According to SkiingHistory.org, in early modern period skis were in regular use by Scandinavian farmers, hunters and warriors throughout the Middle Ages. By the 18th century, units of the Swedish Army trained and competed on skis.
On the other hand, traveling over snow on skis has a history of at least eight millennia. The earliest archaeological examples of skis were found in Russia and date to 6000 BC. According to Huntford, cave drawings suggest that man used skis even during the last Ice Age in the Paleolithic period.
Starting in the mid-1800s, skiing became a popular recreational activity and sport, practiced in snow-covered regions worldwide, and opened up a market for the development of ski resorts and their related communities.
The first Winter Olympics were held in Chamonix, France in 1924. The first Winter Games only had five sports (broken into disciplines): bobsleigh, curling, ice hockey, Nordic skiing (consisting of a military patrol, cross-country, Nordic combined and ski jumping disciplines) and skating (consisting of figure skating and speed skating disciplines).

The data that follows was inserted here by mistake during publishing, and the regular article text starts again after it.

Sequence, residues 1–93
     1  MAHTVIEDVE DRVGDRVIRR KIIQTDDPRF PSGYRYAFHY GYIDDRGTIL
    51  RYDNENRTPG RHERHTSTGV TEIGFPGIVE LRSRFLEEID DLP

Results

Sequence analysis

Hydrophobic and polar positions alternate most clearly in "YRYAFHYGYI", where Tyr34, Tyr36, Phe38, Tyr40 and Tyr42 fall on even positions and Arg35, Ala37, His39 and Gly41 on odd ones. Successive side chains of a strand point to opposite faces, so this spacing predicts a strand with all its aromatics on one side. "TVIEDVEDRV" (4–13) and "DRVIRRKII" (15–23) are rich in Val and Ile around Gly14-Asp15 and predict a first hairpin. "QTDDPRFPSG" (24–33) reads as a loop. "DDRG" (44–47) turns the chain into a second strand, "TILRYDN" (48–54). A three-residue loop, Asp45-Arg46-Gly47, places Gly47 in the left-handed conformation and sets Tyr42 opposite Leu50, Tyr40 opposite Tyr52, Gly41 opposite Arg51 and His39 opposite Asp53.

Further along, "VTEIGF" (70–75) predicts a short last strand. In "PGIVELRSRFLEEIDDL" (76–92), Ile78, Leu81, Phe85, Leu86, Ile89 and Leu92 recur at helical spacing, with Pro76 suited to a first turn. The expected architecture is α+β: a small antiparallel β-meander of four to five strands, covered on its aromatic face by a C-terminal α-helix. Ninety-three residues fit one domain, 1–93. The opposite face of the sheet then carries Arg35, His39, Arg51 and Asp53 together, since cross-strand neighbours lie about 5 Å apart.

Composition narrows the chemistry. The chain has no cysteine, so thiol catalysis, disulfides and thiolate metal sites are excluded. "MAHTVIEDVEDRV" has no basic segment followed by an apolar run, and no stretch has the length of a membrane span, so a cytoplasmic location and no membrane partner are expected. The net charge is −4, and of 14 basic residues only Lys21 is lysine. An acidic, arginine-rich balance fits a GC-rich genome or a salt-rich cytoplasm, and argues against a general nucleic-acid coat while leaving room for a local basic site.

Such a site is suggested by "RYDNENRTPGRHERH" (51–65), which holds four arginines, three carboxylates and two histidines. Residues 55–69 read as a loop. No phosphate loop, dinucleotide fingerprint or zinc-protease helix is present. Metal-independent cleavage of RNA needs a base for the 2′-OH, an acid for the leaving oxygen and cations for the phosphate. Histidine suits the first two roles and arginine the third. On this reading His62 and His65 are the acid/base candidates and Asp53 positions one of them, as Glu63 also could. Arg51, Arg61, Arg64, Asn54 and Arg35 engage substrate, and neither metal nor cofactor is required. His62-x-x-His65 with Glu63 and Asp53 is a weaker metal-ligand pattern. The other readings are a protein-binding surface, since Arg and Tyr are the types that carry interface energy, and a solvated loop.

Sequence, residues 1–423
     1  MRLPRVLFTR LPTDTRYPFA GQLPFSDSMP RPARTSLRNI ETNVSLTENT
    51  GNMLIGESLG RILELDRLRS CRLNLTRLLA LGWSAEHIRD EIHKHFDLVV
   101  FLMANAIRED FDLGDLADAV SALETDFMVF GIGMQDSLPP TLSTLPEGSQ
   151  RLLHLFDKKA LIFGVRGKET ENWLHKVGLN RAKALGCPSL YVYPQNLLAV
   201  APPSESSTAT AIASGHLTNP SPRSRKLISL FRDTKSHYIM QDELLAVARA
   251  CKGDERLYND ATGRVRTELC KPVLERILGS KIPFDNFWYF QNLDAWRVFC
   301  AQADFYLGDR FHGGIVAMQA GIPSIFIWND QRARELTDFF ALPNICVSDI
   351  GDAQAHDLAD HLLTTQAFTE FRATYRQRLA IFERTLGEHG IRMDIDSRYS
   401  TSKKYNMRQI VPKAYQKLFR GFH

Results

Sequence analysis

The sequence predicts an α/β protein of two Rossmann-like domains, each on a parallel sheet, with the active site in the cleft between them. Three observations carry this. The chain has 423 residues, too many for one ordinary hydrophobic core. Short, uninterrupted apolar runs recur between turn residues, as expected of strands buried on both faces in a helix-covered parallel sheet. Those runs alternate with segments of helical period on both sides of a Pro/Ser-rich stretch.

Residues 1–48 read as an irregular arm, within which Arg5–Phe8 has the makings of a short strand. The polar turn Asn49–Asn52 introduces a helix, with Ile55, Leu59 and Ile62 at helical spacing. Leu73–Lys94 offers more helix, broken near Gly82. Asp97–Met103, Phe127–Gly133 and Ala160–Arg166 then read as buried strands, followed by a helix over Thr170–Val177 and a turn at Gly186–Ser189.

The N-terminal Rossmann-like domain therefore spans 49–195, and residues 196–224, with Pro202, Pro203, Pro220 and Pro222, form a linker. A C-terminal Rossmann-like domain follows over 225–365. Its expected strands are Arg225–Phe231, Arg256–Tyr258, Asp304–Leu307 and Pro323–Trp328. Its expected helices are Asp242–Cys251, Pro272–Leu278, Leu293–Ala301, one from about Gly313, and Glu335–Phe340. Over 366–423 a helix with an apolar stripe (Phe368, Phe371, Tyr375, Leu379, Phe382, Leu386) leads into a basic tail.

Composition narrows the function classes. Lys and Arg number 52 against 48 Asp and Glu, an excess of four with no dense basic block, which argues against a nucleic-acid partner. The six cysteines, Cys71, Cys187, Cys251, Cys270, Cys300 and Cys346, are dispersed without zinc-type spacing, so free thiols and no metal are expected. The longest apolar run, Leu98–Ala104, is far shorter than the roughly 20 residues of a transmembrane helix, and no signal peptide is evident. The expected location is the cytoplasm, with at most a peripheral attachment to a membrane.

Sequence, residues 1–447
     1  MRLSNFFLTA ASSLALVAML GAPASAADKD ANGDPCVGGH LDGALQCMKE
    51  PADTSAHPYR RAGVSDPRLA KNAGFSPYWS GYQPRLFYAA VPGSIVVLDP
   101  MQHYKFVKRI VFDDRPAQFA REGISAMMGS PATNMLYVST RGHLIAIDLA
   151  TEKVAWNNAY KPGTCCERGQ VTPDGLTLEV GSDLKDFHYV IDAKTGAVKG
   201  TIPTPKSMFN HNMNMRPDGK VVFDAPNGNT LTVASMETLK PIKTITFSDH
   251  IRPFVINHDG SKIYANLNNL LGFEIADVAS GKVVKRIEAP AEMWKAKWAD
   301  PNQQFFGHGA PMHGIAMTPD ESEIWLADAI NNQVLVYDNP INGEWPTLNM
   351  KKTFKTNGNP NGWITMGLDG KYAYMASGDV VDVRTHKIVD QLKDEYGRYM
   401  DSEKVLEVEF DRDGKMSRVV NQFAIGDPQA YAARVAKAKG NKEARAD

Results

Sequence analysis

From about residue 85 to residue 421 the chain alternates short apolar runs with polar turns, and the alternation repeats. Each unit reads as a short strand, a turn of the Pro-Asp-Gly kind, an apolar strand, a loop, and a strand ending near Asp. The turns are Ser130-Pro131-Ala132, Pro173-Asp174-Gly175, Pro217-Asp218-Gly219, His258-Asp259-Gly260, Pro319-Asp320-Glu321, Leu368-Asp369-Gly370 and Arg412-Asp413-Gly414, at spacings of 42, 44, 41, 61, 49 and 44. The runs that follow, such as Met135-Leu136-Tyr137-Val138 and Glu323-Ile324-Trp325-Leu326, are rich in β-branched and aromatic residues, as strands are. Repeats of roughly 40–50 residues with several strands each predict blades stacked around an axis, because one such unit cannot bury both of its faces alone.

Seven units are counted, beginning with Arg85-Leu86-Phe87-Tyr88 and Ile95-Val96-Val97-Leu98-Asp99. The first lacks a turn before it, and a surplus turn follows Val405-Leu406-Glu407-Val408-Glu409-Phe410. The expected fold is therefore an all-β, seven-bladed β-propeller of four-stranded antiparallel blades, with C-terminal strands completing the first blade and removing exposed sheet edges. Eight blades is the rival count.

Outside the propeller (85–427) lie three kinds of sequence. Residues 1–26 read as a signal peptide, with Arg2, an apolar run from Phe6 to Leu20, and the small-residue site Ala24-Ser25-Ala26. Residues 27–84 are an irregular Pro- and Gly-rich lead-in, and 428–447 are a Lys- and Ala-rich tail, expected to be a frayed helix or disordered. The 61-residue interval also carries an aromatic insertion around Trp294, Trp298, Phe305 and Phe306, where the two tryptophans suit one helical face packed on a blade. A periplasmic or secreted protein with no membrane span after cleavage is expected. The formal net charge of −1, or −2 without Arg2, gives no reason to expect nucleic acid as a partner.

The first ever gold medal awarded in the Olympic Winter games was won by Charles Jewtraw of the United States in the 500-meter speed skate. Athletes from 16 different nations competed in the first Winter Olympic Games, excluding Germany, who was banned from competing and instead hosted a series of games called Deutsche Kampfspiele.
A growing love of downhill skiing resulted in the inclusion of Alpine skiing in the 1936 Winter Games in Garmisch-Partenkirchen, Germany. That same year writes John Fry in his book The Story of Modern Skiing, the chairlift was invented in the US, revolutionizing skiing as a recreational activity.
Nowadays, we at The MAN magazine are fans of the popular Skiers Cup in which teams from Europe and the United States compete in a free ride down dangerous hills.
What is your favorite discipline on snow?